1823 ENGLISH POETRY 1579-1830: SPENSER AND THE TRADITION

William Maginn

John Wilson, in Blackwood's Magazine (March 1823) 284-85.



ODOHERTY. I write politics in the Quarterly — Belles Lettres sometimes for the Edinburgh; ditto, for the Monthly Review, (particularly the Supplemental Numbers about foreign books.) Divinity for the British Critic — these are pretty regular jobs — but I also favor now and then Colburn, Constable, Waught, &c. in their Magazines. In point of fact, I write for this or that periodical, according to the state of my stomach or spirits, (which is the same thing,) when I sit down. Am I flat — I tip my Grandmother a bit of prose. Am I dunned into sourness — I cut up some deistical fellow for the Quarterly. Am I yellow about the chops — do I sport what Crabbe calls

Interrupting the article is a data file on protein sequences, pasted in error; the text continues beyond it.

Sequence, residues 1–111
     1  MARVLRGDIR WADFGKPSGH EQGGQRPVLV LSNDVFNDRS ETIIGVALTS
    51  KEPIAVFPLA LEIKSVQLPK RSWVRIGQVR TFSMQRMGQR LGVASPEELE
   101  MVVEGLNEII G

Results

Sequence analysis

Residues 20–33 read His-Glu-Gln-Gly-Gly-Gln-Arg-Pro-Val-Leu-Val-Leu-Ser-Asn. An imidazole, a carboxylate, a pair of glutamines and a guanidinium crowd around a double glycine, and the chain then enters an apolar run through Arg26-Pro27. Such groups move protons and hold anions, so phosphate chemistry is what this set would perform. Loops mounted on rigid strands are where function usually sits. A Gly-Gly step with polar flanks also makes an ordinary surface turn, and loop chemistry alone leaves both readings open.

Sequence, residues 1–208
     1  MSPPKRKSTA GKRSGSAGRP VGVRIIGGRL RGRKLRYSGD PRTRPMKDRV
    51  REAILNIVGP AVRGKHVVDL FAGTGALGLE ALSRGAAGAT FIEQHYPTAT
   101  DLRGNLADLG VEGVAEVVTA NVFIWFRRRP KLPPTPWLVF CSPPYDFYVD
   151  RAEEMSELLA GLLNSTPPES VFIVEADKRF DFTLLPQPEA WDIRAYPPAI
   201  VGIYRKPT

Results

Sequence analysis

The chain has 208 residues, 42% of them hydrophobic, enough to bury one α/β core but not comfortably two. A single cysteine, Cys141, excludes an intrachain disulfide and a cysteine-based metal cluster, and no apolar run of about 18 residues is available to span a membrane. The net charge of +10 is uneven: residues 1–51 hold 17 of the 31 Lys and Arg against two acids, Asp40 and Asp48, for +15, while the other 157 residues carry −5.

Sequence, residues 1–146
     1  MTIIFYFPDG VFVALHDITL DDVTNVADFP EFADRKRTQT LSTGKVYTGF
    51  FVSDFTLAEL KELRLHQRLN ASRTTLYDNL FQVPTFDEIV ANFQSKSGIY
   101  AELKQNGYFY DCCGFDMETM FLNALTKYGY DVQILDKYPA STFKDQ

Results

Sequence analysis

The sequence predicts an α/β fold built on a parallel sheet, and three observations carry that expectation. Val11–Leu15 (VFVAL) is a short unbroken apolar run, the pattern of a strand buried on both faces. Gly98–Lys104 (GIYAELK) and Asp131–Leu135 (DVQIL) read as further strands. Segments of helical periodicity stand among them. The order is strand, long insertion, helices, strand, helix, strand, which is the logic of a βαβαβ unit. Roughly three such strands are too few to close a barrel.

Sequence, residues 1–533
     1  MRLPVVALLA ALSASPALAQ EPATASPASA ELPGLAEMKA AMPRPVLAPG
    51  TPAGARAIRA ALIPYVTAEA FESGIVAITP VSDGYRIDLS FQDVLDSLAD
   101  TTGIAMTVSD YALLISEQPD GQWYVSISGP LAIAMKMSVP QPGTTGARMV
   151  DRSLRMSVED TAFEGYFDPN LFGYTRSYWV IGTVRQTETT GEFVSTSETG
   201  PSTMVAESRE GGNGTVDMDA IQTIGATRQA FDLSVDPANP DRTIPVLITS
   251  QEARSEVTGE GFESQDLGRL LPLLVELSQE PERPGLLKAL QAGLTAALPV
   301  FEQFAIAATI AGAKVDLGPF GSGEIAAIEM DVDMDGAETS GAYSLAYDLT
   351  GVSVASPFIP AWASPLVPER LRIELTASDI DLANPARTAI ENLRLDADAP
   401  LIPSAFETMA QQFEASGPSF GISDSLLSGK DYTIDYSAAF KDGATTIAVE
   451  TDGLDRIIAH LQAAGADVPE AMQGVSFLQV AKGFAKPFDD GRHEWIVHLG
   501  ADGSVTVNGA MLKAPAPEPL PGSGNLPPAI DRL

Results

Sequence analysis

The cool contemptuous smile
Of clever persons overcharged with bile;

Why, then there's nothing for it but stirring up the fire, drawing a cork, and Ebonizing — "ansi va le monde!"

NORTH. So, Principle, Mr. Odoherty, is entirely laid out of view?

ODOHERTY. Not at all, not for the Bank of England, my dear fellow. But what has Principle to do here? no more than Principal Baird, caricatures of the King for Hone, and those of the Queen for the other party, and who thought the less of either of him or his caricatures? Are a man's five fingers not his own property?

NORTH. "Dans sa peau mourra le Reynard." So you seriously think yourself entitled to play Whig one day and Tory the next.

ODOHERTY. "Tros Tyriusque mihi nullo discrimine agetur"—

NORTH. You talk "en Suisse."

ODOHERTY. Ay, and as you know to your cost, old boy. "Point d'argent, point de Suisse!"

HOGG. I dinna follow you vera weel, but I'm feared you're making a very shameful story of yourself, Captain Odoherty.

NORTH (aside to Hogg.) My dear Corydon — he's only bamming us, I believe.